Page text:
EARTH DAY METEOR SHOWER: Earth is passing through a stream of debris from ancient Comet Thatcher, source of the annual Lyrid meteor shower. Prof. Peter Brown of the Universiy of Western Ontario reports that “the Canadian Meteor Orbit Radar (CMOR) just finished processing orbital data from last night and the Lyrids are showing up quite nicely. The meteor rate is near 15 per hour so visual observers should have had a good view early this morning and should be able to easily detect the shower tonight.”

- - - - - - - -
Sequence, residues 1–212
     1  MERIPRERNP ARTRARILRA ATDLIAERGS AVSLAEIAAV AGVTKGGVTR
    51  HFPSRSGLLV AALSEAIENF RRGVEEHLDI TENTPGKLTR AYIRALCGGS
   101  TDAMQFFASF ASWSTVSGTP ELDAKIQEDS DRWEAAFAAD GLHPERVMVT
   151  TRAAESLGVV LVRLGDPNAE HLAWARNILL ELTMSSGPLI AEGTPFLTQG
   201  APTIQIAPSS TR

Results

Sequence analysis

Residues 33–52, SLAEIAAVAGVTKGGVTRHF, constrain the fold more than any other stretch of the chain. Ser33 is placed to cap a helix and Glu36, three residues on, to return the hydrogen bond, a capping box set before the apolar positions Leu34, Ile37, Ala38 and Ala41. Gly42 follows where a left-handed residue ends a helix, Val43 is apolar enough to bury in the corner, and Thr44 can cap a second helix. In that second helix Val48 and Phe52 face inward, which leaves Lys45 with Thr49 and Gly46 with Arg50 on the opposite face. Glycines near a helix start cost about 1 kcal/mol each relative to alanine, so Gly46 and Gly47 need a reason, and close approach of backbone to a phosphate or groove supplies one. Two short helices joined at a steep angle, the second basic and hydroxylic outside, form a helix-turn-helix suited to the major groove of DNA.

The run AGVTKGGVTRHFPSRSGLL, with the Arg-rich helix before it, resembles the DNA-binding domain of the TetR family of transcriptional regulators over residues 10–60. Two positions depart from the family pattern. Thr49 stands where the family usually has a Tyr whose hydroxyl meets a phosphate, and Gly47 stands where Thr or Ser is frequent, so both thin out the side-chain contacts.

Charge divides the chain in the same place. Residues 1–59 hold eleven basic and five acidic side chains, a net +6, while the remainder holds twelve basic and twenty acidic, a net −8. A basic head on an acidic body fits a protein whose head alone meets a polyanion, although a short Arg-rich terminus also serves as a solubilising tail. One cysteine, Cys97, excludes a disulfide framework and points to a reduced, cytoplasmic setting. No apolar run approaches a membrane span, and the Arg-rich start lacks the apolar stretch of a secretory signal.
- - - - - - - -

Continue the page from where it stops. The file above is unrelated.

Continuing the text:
Click to view an all-sky map of CMOR meteor radar echoes on April 22nd:
The bright pink blob pinpoints the Lyrid radiant in the constellation Lyra. Other lesser showers are active, too, but they are much weaker. If you see a meteor tonight, it is probably a Lyrid.
Usually the Lyrid meteor shower is mild (10-20 meteors per hour), but unmapped filaments of dust in the comet’s tail sometimes trigger outbursts ten times stronger. So far this year’s shower is trending toward the usual. “The shower is comparable in strength to what was seen last year – so far no surprises,” says Brown.
Forecasters expect the shower to peak on April 22nd between the hours of 10:00 UT and 21:00 UT.